clients can only go once a month. If someone comes on the bus, we have
volunteers that will take them home so they don't have to struggle on the bus
with a big box of food.
Horace V.:That's awesome.
Barbara Bell:We also have outreach services to various counties in the 18
counties of western North Carolina that go out periodically during the month.
Barbara Bell:Today, we sent pre-packed boxes to our local solace center, which
00:05:00will be delivered to their patients during the week. We had 49 clients that came
through the pantry today, and we sent over a ton of food out with them today.
Barbara Bell:Yeah. It's a very rewarding job, and we have a paid executive
director, but other than that, we are volunteer-driven. I've been doing that for
25 plus years.
Horace V.:Wow. That's really amazing. It sounds like you've formed some really
amazing relationships here, like with your patients, with the people who come to
the pantry over the years. So would you say that's what's kept you in the area?
Is there other stuff that's keeping you in western North Carolina?
Barbara Bell:I love the climate, except for today.
Barbara Bell:But I like the climate. I like the change of seasons. I like
00:06:00Asheville because of its variety, and we talk about "keep Asheville weird." I
like the differences. I like the crafts in the area. I think we have amazing
artisans in this part of the country, and there really wasn't anyplace else I
wanted to go. I had planned on coming back here to retire, but I was fortunate
my job brought me back, so I was already here.
Horace V.:Awesome. Let's see. Yeah, so it sounds like you've been in this area
for a long time. It sounds like you've been working with LGBT people here for a
long time. How would you say that the climate in western North Carolina has
either stayed the same or changed or gotten better or worse over the years?
Barbara Bell:I think it's gotten better. Somebody teased me at the VA when I was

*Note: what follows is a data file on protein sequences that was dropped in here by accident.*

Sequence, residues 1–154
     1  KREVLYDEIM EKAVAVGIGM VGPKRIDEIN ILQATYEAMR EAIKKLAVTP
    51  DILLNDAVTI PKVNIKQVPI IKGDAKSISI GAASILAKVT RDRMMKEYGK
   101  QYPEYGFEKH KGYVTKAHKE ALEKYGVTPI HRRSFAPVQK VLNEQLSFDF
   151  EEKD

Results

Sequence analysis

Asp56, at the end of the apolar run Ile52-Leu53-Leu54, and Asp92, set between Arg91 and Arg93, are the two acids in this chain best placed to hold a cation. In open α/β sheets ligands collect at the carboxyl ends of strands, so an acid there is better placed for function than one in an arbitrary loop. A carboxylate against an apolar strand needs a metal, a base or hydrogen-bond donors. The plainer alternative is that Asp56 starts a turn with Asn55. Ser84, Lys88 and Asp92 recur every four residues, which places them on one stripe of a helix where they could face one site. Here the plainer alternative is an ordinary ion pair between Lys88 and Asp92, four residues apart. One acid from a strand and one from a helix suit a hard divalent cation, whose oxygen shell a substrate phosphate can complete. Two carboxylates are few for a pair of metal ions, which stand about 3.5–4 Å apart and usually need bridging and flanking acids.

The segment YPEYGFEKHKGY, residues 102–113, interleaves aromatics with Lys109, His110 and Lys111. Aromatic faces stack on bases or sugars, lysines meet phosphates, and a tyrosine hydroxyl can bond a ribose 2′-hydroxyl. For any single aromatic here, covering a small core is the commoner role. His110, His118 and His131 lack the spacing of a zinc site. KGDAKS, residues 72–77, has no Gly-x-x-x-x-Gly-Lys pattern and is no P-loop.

working with the HIV patients and said, "Well, half the hospital thinks you're a
lesbian." I said, "Because I take care of HIV patients?" "Well, yeah."
Barbara Bell:But that doesn't happen anymore. More and more people have become
concerned about this population of clients. We have wonderful volunteers who've
been with us for years, and, as I said to somebody, "And if I were a lesbian,
what difference would it make?"
Barbara Bell:I think that's the big thing, is it's not a choice. It's not an
orientation. I heard a tape of an African American female minister who spoke to
our sexual reality, and that's what it is. Mine is mine. Yours is yours. No one
looked in the mirror and made a choice, and that's what I say to someone who
says, "Oh, well, that's their choice." I say, "When did they look in the mirror
and say, 'I want to be gay. I want to be lesbian. I want to be transgender'?"
Nobody says that. We are who we are, and trying to change that does not work.
Horace V.:For sure. Let's see. You definitely talked about working both with the
food pantry and with the VA. Have there been any other organizations that you've
either been a part of or just noticed?
Barbara Bell:I've been on the board of the Western North Carolina AIDS Project,
and I still volunteer with them on their annual Dining Out for Life. I'm an
ambassador at one of the local restaurants.
Barbara Bell:Like I say, I can't imagine my life without my LGBTQ friends. I
wouldn't want my life without them, and I think that, while it's better, there's
a long way to go.
Horace V.:For sure.